A majority of students enrolled in the RPL pathway (21 out of 34, 62 percent) are African American, and 81 percent graduated A-G eligible. Across OUSD, just 41.9 percent of African American students graduated A-G eligible in 2021-22. 

“Historically, we have seen particular student groups be successful, mainly our white or Asian students who come from relatively stable or middle-class or upper-class backgrounds,” Jah Yee said. “So our RPL pathway has been really able to serve Black and Brown students, as well as students who are the first generation in their families to go to college.”

What’s in RPL’s secret sauce?

What is happening in the RPL pathway where the results have such a dramatic impact in improving A-G outcomes for African American students?

It starts with a purposeful culture, adults working in concert, and integrated A-G and academic advising for students starting early in their high school career. 

When Tech was adding a fifth pathway, administrators discussed what it should be about. There was a desire to add a humanities pathway to the mix (the other pathways at Tech are the computer, engineering, fashion and health). They were also intentional about the pathway being of interest to Black and Brown students while celebrating Oakland’s rich history of social justice. 

“We have students who have grown up in that history of organizing and fighting for justice,” Jah-Yee said. “So having been raised in that tradition, how can we ensure that public education is reflective of that for our students?”


Education that is empowering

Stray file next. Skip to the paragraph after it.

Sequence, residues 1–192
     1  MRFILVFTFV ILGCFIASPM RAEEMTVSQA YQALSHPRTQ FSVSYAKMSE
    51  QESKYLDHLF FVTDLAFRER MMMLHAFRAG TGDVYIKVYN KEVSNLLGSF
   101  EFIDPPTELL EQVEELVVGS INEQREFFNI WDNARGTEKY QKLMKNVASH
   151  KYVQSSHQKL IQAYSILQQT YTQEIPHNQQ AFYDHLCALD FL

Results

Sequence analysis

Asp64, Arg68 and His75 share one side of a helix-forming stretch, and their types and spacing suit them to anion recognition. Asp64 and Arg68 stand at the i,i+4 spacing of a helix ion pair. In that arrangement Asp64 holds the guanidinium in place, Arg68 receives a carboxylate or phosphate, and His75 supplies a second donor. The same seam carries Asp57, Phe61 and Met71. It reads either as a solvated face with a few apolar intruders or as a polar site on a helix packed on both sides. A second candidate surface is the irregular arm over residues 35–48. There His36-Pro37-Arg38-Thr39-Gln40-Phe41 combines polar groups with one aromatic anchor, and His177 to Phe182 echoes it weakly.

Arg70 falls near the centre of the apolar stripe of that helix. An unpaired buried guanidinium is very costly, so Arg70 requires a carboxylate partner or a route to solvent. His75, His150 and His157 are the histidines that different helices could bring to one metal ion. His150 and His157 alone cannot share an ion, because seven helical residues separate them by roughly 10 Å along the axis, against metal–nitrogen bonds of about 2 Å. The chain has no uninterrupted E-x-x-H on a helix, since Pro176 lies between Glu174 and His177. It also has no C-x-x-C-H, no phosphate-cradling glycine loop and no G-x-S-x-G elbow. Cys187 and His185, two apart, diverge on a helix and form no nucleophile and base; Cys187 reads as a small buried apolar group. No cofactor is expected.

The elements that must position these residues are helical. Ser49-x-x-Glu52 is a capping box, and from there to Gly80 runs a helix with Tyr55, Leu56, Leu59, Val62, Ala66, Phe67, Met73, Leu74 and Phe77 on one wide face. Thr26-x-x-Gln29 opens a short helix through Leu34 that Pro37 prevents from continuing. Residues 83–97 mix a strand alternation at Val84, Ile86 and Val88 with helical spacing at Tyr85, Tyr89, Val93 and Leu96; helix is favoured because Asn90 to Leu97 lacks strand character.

The RPL pathway is all about giving students the tools they need to be successful, and so they can advocate for themselves. It starts with looking at the data. For example, the RPL team (which is made up of one administrator, three teachers, a CTE coach, pathway director and Student Support Specialists) noticed there was a dip between 10th and 11th grade when some students who had fallen behind would give up. “So we’ve tried to avert or disrupt that trend, and I think we are starting to shift that tide a little bit,” Jah-Yee said. 

The RPL educators also start working with Tech 10th graders to ensure they understand the importance of being A-G eligible, reinforcing information that they start learning in the 9th grade. That starts with checking for understanding of a counselor presentation on the requirements that happens soon after a student begins high school. They then reinforce that information each year and personalize it for grades 10, 11 and 12 so by a student’s 12th grade year, they just need a little refresher on the requirements. 

There is also individualized planning for each student, matching up the requirements a student needs to check off to graduate with what else is happening in their lives, like extracurricular activities, sports teams and responsibilities at home. Students are asked twice per year, “how does this look day-to-day (at school) and how does this look in terms of your vision for yourself?” Jah-Yee said.

“It’s about helping (students) make informed choices to get them closer to the vision they have for themselves,” Jah-Yee said, “and the goals they have for college or career after graduation.”

Jah-Yee said an impact of the RPL she sees in students is their ability to advocate for themselves. She recalls a student who, after the A-G requirement presentation during their sophomore year, realized they didn’t have their algebra requirement completed.

“She’s like, ‘I don’t want to still be in algebra in 11th grade, that’s not going to make me eligible for any UC or CSU,’” Jah-Yee said. “She could see the track ahead of her, the pathway ahead of her. So that helped her advocate for what she wanted to see for herself. And we just tried to figure out a plan through concurrent enrollment and dual enrollment to help her manifest that and make it happen.”

Jah-Yee said students taking ownership of their own education like that gives her chills. 

“That is the type of education, the type of outcome, that we want,” she said. “We want them to see that education is empowering. We want them to be able to see that ‘you have the information, you have the tools and now this is about your decision.’ And we’re here to support you.”